And the answer might be "Cause it's awesome."

You'll probably notice that the flour has made little crusty bits on the bottom of your pot and you're a little worried that it will be a bitch to clean later. Don't worry . . . it'll all work out in the end.

Taking Stock: As I said in the ingredients list, you can use any kind of stock you want. Beef might taste a little weird (good weird not bad weird), and vegetable might be a little bland, so the preference is for chicken stock.

You've got lots of options when it comes to chicken stock. First you can make the true stuff. Boiling shit for hours. Try it once and you'll never have to do it again . . . I promise. You can get the high end stock from Whole Foods or your local equivalent, but it'll cost you and, in my humble opinion, it is the least tasty of all the options. You can get the mid-grade stuff at any supermarket (Trader Joes has the best) or . . . you can do what I do, and dissolved two bouillon cubes in some hot water.

It's cheating . . . I know . . . but you're already locked into the fresh ingredients and the cubes have the perfect amount of salty "flavor pouch" flavor. No one will ever know the difference and if for some reason they do, you have my permission to unfriend them forever. You don't need those kinds of people in your life.

Add the stock. Bring to a boil. Lower the temperature and simmer for an hour.

Every few minutes or so, walk out of the house and then walk back in again.

When the whole house smells like heaven, including the garage and the boys' bathroom, it's time to add the potatoes.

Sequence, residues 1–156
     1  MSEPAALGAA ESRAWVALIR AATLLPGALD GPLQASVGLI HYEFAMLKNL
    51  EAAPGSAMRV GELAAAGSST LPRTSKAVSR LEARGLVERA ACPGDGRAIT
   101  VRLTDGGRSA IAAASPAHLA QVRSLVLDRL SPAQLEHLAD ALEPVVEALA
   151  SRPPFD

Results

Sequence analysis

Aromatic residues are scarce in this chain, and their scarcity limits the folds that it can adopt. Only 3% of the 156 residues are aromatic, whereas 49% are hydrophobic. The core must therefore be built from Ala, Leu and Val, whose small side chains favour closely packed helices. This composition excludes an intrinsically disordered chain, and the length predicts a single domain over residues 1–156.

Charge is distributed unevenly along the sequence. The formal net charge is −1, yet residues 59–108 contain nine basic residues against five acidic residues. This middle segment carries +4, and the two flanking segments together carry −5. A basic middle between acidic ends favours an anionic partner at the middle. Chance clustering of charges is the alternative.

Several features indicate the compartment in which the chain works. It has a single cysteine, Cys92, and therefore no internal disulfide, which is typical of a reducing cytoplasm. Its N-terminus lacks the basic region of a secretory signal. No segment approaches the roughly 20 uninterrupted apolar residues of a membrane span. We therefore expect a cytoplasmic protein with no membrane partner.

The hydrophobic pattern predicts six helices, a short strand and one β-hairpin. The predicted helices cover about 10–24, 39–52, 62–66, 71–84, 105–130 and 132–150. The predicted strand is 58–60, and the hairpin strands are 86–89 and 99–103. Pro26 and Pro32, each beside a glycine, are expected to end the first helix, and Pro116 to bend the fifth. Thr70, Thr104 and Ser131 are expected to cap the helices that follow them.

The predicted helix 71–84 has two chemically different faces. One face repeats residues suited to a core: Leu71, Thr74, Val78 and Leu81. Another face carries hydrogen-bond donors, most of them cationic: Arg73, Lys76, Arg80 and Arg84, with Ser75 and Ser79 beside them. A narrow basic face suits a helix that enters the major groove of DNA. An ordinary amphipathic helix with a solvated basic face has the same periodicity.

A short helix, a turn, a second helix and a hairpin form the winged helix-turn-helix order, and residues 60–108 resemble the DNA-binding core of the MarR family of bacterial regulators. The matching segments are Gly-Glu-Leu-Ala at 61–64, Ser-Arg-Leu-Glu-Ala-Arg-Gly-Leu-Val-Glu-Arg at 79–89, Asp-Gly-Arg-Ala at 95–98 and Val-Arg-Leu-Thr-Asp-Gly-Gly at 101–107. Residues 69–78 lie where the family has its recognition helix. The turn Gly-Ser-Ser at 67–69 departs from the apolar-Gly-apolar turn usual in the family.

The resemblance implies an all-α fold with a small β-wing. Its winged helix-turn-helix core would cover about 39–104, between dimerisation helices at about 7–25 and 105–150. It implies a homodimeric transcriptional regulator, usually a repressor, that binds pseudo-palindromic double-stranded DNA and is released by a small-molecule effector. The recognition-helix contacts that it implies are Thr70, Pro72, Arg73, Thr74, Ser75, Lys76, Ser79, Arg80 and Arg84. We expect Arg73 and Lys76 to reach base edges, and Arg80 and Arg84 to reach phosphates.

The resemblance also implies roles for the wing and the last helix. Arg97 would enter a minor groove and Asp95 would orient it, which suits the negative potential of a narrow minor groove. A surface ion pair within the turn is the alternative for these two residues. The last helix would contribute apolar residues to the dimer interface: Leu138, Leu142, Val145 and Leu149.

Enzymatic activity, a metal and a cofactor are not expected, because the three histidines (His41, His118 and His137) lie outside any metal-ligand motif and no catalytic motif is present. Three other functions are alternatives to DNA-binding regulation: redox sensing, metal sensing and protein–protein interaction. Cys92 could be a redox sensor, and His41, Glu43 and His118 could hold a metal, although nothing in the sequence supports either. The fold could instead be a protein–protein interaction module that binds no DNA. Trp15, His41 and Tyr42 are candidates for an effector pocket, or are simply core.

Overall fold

Shouldn't take much more than 20 minutes for the potatoes to get soft and you're good to go.

Taste the brine. You want it to be just a hint on the not too salty side. Salt is the kinda thing that people can add themselves. If it's too salty add a half a cup of water and bring back up to a boil.

Set your table.

The table should include salt, pepper, a little bit of fresh parsley, red pepper flakes, and bread. You worked hard on this dish and it's gonna taste like you worked all day, don't leave a drop on your bowl that can't be soaked up with a chewy slice of sourdough.

Ladle into bowls. Serve.

Okay, I know y'all are crazy for low fat, zero carb versions of everything, and boy have I got a treat for you.

First, you don't have to add the flour to the chicken. I like it because it gives a thicker texture to the liquid, but the original recipe doesn't have it, so it's just as good without.

Second, you can (and should) replace the potatoes with chopped cauliflower. I think it's so damn good this way, I'm reluctant each time to even bother with the potatoes, but it will tweak the flavor a bit, and sometimes my wife is just not in the mood.

Go figure.

You can also just add water instead of stock if you're watching your salt intake. All the fresh ingredients are there and you can zest it up with just a dab of whatever fresh himalayan pink crystals you got hiding in your cabinet.

Breaks my heart to say it, but you can also skip the bread.

Sad emoticon. : (

Now, since I can't leave well enough alone, I might also suggest adding a few slices of fresh jalapeƱos that have been soaking in balsamic vinegar while you were cooking the other stuff. Not saying you gotta. And if you don't like spicy then it's not for you . . . but if you want a little heat . . . it's damn delicious.

Damn delicious.

Total time: 2 hours (most of which is sitting on the couch catching up on Justified Episodes)
Servings: Three dinner bowls and two lunch bowls.
Wine Pairing: Buttery white, or soft red.
Number of times your SO will roll their eyes into the back of their head and make soft cooing sounds: At least four.